Mr. Bob Burris reviewed the field tour and workshop held over the past day and a half. He indicated that technology is moving faster than one can keep up with - precise applications, mapping, selective spraying, container recycling, custom applications. Results of research on various conservation practices such as buffer strips/filters have shown up to 90% reduction in off-field movement. Partnerships are essential to progress - agree to disagree but not in a disagreeable manner. The challenge is to explore possibilities and options to come up with reasonable solutions.

Following the four presentations, the floor was open to comments, questions or discussion from attendees. The following summarizes some of the main points raised in the discussions.

  1. There has been considerable improvement in the pesticide industry over last 20-30 years - labelling is now a science; we understand risk management with respect to food safety and protocols; there are rules on the books and power to enforce, we need to use them.
  2. Against partnerships - fine in their place, but need to deal directly with the farmers
  3. Reaction to item 1 - took exception to suggestion that he have adequate rules and power. Cited no measurable improvement under Wisconsin watershed management program, and NRCS confidentiality as concerns.
  4. Need for effective delivery system - farm by farm, demonstrate interest by visiting individual farmers to assess problems and work out possible solutions.
  5. A significant amout of pesticide runoff is from extreme storm events. A farmer may apply pesticide in strict accordance with the label and only as much fertilizer as needed, but if there is a heavy downpour the next day, much of it will wash into the stream. There is not much that can be done about such occurances.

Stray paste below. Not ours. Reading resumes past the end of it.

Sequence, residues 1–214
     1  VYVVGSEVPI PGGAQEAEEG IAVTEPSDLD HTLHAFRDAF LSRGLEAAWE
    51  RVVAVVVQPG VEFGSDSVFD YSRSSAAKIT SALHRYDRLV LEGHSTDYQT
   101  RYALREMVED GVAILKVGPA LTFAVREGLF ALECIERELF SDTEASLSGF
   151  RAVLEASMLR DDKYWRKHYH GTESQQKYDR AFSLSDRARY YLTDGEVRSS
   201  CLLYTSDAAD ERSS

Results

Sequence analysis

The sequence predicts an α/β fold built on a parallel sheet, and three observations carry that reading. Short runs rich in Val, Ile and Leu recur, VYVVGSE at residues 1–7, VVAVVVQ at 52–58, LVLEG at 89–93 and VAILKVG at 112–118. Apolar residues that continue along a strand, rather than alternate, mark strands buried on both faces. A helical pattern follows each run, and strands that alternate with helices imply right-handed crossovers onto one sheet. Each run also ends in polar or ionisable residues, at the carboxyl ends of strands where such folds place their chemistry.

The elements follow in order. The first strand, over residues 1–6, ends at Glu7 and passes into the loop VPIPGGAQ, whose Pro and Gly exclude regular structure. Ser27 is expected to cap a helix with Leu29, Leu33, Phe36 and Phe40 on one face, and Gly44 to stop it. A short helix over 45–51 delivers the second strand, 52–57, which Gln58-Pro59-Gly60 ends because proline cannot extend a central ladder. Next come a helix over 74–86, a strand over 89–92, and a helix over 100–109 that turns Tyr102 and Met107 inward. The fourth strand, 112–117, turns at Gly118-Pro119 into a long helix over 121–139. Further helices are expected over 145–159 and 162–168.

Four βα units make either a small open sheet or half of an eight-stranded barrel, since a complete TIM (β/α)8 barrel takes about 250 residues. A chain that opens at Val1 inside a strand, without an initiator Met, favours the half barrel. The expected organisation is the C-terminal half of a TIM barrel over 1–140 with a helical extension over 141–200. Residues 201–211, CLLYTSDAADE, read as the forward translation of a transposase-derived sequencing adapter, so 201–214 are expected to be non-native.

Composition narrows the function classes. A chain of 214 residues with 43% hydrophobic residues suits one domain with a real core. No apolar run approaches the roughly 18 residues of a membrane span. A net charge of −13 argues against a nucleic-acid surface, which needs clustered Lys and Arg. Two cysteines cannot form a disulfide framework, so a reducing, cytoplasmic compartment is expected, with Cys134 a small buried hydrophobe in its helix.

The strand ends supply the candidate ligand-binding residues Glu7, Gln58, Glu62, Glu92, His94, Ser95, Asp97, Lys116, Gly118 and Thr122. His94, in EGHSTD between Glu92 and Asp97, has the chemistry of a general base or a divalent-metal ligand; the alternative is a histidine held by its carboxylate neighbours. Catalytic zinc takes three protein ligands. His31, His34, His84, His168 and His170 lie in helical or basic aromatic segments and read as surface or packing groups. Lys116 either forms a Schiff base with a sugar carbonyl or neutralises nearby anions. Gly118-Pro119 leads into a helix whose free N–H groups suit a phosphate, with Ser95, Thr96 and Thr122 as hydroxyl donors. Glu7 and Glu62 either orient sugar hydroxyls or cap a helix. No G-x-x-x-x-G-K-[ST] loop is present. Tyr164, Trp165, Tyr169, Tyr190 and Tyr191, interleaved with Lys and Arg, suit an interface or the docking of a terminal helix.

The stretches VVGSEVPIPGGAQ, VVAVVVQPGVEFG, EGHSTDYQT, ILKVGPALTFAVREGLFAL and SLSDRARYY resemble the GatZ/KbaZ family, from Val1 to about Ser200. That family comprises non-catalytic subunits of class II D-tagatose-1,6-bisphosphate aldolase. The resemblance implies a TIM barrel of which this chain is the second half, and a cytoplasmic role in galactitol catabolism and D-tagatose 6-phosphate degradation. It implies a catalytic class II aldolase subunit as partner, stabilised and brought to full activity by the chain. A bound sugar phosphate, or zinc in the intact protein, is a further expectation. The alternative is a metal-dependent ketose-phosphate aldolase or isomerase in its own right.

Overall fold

6. The question of significance of urban-residential pesticide usage was raised. Over application was recognized as a concern, but nonpesticide contamination in urban runoff waters is also a real challenge. Dr. Frank Rossi (?) of Cornell University was cited as being a strong advocate of commercial application of pesticides in residential areas. Commercial applicators control the amount used. Well maintained lawns reduce the amount of runoff.
  7. Natural lawns were applauded. Green lawn syndrome was questioned as everything we put on lawns ends up in water.
  8. Integrated pest management (IPM) originally was intended to minimize use of pesticides on crops. This is not always the current intent.
  9. Comment was made that agribusiness is controlling research agendas at universities. It was suggested that no classical biological pathology is being done at University of Wisconsin. More focus should be put on microbial and pathogen controls.
  10. Take lessons from native American - modern scientific methods without toxins.
  11. Applauded Commission for this session - unfortunate we have to have such a session.
  12. A representative of the Wisconsin Potato Growers Association countered the misperception about the lack of biological control research. Insect and biological control research is being undertaken at University of Wisconsin. He questioned sessions like this public meeting due to the rhetoric and ill-informed diatribes and prefers to work with farmers and business interests to get the job done. Action does not take place in the conference room.
  13. Mention was made of a recent partnership between Wisconsin Potato Growers and World Wildlife Fund for prescriptive spraying of potato crops. The World Wildlife Fund is exploring ways to allow growers to use its well-recognized panda logo on produce raised in accordance with various IPM techniques.
  14. 2.6 million grower dollars have been put into research for improving farming practices.
  15. IJC was encouraged to look at pollutant trading for nutrients and toxic chemicals.
  16. Partnerships can be effective in addressing specific problem areas.
  17. Third party standard-development and verification systems (e.g. ISO 9002, 14000) might be useful avenues for better defining IPM practices.